Matthew Imi: Sky Racing – The first month and adapting to industry challenges

On 1 January of this year, Sky UK launched its new channel, Sky Racing , which took Sky’s dedicated sports channel tally up to 11, has been broadcasting race fixtures from both the UK and around the world.

Matthew Imi, CEO of Sky Racing

It has been headed by the long term At the Races chief executive, Matthew Imi. SBC caught up with Imi to discuss how Sky Racing’s first month has faired, and how the industry will adapt to and overcome challenges in the next 12 months.

SBC: Has your first month of Sky Racing gone as expected? What have been your highlights so far?

MI: We’re delighted with how the launch and first month has gone, particularly after a lot of hard work at Sky and from the production team. Having said that, this is just the beginning and it’s very important to us that we continue to grow and evolve from here, rolling out new production tools, improving graphics, integrating new functionality etc.

Highlights so far include some of the steps we’ve taken to improve the viewer experience and the positive feedback we’ve had on that is hugely rewarding. Along with the additional cameras, everything being fully HD and super slo-mo shots that have all been so well received, we’ve also made an important commitment to have at least one presenter at every UK fixture.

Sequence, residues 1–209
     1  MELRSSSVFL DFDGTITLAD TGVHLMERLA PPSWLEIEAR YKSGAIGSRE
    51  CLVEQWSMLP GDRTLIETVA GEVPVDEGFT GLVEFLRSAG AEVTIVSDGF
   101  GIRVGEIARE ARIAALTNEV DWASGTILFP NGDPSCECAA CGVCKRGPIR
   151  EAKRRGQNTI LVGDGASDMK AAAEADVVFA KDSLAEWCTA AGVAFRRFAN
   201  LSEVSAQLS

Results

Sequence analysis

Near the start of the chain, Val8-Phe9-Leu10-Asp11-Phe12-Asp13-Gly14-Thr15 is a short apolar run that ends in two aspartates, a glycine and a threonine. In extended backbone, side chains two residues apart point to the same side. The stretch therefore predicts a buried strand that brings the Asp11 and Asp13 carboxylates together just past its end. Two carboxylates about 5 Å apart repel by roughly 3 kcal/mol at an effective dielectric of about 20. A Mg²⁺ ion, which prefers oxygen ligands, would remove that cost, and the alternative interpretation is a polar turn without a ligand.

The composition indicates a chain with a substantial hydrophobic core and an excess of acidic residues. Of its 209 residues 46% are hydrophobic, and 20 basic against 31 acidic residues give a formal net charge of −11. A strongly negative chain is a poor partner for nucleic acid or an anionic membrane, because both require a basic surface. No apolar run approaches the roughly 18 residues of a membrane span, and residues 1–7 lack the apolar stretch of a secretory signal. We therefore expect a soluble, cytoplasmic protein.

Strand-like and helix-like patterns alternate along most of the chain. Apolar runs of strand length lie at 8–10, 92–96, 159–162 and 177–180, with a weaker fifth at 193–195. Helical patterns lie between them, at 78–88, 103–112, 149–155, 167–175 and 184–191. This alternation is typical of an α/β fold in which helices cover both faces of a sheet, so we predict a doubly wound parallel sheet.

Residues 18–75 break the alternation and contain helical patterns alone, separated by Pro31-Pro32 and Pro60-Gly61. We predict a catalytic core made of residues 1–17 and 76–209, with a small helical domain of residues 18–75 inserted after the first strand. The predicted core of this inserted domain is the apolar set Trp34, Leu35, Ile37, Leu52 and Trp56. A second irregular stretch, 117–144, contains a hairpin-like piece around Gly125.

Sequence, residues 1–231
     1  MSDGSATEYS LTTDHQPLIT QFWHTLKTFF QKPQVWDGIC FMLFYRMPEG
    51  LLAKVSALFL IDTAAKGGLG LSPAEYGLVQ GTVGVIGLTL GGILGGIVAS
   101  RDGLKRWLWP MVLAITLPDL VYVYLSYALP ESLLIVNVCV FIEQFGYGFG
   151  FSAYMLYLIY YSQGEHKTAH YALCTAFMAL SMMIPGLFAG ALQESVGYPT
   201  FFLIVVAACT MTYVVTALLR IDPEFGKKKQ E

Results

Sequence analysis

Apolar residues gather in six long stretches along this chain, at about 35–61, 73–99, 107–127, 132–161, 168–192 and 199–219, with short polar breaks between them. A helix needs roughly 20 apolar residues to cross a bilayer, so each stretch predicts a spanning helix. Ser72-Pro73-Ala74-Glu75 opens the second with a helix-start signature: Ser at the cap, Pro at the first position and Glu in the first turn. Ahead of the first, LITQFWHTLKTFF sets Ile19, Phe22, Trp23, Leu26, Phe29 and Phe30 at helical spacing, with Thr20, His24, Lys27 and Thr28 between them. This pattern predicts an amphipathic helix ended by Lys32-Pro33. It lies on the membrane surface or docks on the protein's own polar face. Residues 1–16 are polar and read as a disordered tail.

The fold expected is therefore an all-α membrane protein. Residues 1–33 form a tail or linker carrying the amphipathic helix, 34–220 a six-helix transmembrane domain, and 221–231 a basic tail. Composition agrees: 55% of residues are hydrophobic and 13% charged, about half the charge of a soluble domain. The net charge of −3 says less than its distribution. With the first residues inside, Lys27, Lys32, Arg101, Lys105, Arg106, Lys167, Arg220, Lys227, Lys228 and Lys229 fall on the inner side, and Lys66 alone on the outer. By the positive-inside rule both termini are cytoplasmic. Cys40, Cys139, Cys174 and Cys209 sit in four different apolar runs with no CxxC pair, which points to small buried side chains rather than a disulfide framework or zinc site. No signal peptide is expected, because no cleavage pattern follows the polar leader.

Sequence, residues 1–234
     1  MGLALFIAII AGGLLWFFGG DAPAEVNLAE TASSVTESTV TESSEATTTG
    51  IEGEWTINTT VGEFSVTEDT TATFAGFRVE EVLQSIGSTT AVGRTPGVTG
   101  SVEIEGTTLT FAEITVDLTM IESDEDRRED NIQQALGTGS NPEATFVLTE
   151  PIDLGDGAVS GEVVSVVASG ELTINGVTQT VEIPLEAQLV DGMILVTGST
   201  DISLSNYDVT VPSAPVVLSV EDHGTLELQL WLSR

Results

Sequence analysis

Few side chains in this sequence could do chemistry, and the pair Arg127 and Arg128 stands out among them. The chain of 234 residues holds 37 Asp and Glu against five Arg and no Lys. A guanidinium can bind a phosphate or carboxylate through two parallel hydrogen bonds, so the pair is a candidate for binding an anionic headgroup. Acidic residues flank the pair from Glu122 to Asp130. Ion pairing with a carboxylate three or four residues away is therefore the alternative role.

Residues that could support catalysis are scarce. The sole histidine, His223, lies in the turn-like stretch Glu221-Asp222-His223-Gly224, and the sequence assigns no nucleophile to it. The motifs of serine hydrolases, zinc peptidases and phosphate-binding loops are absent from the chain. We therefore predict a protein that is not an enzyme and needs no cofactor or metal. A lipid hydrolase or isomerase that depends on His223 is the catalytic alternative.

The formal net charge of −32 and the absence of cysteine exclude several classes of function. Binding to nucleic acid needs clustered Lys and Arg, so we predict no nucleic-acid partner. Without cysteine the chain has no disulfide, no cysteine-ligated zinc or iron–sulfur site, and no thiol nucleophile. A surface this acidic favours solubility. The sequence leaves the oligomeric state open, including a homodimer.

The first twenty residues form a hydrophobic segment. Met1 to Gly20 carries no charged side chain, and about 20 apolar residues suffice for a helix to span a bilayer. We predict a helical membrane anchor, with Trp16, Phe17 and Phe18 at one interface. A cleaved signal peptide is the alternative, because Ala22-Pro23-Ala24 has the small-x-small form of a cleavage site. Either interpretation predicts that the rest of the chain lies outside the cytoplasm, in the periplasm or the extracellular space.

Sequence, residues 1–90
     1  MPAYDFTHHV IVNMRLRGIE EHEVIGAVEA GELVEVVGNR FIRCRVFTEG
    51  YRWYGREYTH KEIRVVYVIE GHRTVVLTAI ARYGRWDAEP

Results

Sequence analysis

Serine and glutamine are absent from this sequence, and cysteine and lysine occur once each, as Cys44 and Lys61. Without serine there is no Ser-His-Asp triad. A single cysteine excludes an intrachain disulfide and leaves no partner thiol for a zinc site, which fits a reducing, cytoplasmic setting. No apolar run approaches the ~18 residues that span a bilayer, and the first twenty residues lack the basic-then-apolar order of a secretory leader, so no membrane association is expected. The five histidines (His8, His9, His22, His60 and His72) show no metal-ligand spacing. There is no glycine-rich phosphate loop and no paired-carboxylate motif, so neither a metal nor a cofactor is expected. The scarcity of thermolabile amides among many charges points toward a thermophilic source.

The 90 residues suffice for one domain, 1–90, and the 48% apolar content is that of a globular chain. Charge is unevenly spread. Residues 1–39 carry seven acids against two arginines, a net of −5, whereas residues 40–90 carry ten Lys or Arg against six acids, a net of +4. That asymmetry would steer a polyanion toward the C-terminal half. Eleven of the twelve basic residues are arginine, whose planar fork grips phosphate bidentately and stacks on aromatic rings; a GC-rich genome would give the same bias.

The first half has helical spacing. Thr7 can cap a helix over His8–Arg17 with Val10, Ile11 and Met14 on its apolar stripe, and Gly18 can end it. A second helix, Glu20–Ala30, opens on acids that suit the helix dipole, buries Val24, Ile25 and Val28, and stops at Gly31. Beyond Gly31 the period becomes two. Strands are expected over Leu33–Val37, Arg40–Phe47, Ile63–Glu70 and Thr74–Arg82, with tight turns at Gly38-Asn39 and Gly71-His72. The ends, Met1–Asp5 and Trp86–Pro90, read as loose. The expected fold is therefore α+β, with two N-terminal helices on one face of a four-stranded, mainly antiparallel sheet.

That gives the viewer much more insight and access to what’s going on at the track. We also have time to hear much more from our presenters on course who do an excellent job and now deliver more in-depth analysis and reporting than ever.

We have welcomed some new faces to the team and we are very pleased with how that’s worked complementing our strong exiting talent pool.

SBC: Can you tell us some of the ways in which racing viewers have benefited from Sky’s expansive sports coverage this year?

MI: We’re still really in the early stages of what we aim to do with our presentation and technology enhancements but already racing fans will have seen a number of improvements on Sky Sports Racing. One of our goals was to improve the standard of all our races, not just the major meetings.

All our coverage is now in HD and supported by a number of new camera positions. We have two live cameras positioned on the finishing straight, allowing for both close and wide shots; we have super slow-motion capabilities on the close shot which allows for immediate analysis on race finishes; and there is a side-on camera to the stalls at our flat meetings to show who gets away effectively.

For the bigger meetings, fans will also be able to enjoy our drone cameras and tracking vehicles. The drone allows for sections of the race to be captured which aren’t available to other cameras and is a superb addition to our coverage.

SBC: Are you able to go into greater detail about how Sky Racing can bring the sport to a new audience in 2019?

MI: Sky Sports’ broadcast and digital platforms have huge reach and an engaged audience. Our ability to cross-promote our domestic and international racing fixtures to sports fans is a huge opportunity for not only us as a channel but the sport itself.